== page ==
ESPN charges your cable company around $4.69 per household receiving basic cable on their system. With a vast majority of US households having either Cable or Satellite television access, basic cable networks like ESPN can rake in the cash from those subscriber fees, even before they sell a single hour of advertising time. For ratings superstars like ESPN, the nearly-universal demand for their product drives their success, but for smaller networks, the fees often won't match-up to the interest.
Reports place the subscriber fees for the lucrative Big Ten Network, within the conference's footprint, at around 70-cents per household -- significantly less than the ESPN fees, but not an insignificant chunk of change. Not all households in that footprint will necessarily be tuning into the network on a regular-basis however, and the leagues' best games will still often appear on larger sports networks like ESPN.
The interest level and outcry from Big Ten alumni in their local markets, or the fear of that outcry, has pushed the network onto the basic tier for most subscribers living in the TV markets that they cover.
Verizon, however, has noted that the viewership of many basic cable networks doesn't match-up as much to their distribution. Instead, the telephone company-cum-cable-co has proposed a new system, where networks are paid on a sliding scale depending on how many viewers watch at least five minutes of their programming in a given month -- you get paid for getting actual viewers.
Viewership on the networks would be measured directly and completely by the provider's set-top boxes as well, rather than via Nielsen ratings.
For ESPN, that system would have little effect. The Worldwide leader is one of the top-three cable networks for primetime viewership and that isn't likely to change much. For the Big Ten, Pac-12 and soon, the SEC, that move could take a significant chunk out of the profits their networks are, or were expected to, turn in.
It isn't a major secret that the Big Ten targeted Maryland and Rutgers to join because of the massive population in the corridor between Washington, D.C. and New York City. The basic cable subscriber-base in that region was likely to add a tremendous pile of cash to the conference coffers through subscriber fees paid out by the cable providers in that region -- even if nobody was watching their games and other content.
It also proposes to takes a chunk out of regional networks like YES, which is a New York Yankees-themed cable channel that makes insane money by being the Pinstripes' cable proxy in the New York TV market. Even if you're a Mets fan, you're paying at least $3 per month for the right to flip past the Yankee game on your cable dial. If Verizon were to have a say, you would pay at least somewhat less than that.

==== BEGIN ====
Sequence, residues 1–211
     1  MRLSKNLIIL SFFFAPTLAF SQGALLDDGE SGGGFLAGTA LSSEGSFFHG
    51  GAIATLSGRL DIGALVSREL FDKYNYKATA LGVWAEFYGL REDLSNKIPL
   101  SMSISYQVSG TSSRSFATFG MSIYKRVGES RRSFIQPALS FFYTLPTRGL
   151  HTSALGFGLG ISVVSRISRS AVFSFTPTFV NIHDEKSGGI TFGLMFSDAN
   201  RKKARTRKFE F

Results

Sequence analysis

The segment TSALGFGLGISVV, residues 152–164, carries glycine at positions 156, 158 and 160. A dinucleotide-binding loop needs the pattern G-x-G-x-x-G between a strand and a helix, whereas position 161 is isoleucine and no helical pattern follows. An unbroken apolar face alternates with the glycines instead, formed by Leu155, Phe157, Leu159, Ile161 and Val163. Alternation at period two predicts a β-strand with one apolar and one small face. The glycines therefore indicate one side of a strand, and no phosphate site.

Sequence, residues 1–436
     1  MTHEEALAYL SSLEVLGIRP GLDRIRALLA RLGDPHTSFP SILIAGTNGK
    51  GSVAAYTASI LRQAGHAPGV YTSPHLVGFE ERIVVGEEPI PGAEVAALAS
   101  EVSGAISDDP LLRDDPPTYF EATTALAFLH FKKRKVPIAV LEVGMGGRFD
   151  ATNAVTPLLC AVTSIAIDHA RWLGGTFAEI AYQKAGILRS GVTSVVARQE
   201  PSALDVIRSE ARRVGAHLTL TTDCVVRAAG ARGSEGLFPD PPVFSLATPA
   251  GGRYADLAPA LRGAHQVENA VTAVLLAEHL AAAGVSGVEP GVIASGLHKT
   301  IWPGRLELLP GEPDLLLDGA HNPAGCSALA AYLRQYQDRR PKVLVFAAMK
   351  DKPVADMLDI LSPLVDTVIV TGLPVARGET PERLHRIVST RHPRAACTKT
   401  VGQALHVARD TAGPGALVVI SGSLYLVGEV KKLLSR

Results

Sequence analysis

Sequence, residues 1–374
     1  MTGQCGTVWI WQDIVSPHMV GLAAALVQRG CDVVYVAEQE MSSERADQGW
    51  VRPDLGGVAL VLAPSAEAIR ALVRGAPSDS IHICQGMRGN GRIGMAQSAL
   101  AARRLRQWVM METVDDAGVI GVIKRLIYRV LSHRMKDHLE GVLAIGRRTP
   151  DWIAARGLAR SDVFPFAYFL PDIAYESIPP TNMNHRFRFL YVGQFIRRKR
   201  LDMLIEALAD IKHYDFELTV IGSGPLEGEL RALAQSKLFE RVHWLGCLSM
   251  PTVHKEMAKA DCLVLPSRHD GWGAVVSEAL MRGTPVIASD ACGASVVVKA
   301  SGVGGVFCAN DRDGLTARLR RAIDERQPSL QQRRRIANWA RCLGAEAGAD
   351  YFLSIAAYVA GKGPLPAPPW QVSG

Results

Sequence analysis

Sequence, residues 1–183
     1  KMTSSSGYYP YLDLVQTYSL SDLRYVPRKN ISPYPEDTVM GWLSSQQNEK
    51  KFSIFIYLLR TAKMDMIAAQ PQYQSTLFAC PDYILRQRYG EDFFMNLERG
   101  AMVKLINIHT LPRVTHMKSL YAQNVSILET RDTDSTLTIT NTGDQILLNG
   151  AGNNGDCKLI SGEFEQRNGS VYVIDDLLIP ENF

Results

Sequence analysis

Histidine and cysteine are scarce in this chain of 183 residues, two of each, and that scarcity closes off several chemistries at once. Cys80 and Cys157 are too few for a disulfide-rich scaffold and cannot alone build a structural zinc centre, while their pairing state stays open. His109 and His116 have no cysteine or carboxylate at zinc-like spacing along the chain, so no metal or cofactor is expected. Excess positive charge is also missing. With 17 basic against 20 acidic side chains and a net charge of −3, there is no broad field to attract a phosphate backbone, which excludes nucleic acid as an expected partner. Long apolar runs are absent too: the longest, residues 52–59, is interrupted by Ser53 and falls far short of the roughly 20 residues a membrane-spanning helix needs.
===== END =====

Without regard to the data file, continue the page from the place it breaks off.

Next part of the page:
As TheBigLead notes, "[s]hould the environment shift to the "unique viewer" model, these conference networks would be sunk."
So would the rationale for the jumbo-sized leagues. Instead, when the lions share of television revenue is derived from the actual ratings of your content, quality games and brand name programs matter more than offering a broad third-tier of content and a lot of television households. If conference network power is diminished going forward, the conferences that expanded based on that revenue model may find themselves regrettably over-extended.
Until that time, the model only exists to encourage further incursions into large and growing television markets in search of bigger dollar figures earned just by planting a flag.
If Verizon gets its way, the super-conference era could be halted before it ever truly began. Without guaranteed subscriber fees, there is little or no need for a flag to be planted in the New York television market, or in DC. There would be little or no drive for conferences to expand into the Virginia and North Carolina markets either. Not unless those additions improved their overall product and TV ratings.
Expansion to super-conferences has been driven by revenue from television, and in the cases of the Big Ten and other conferences that have or will have league-owned networks, that expansion has been driven by a drive to add a presence in larger television markets. Without the existing subscriber-fee model, it is unlikely that the push toward 14-team leagues and more would have taken off.
Verizon's plan could slam the brakes on the super-conference era before it ever arrives.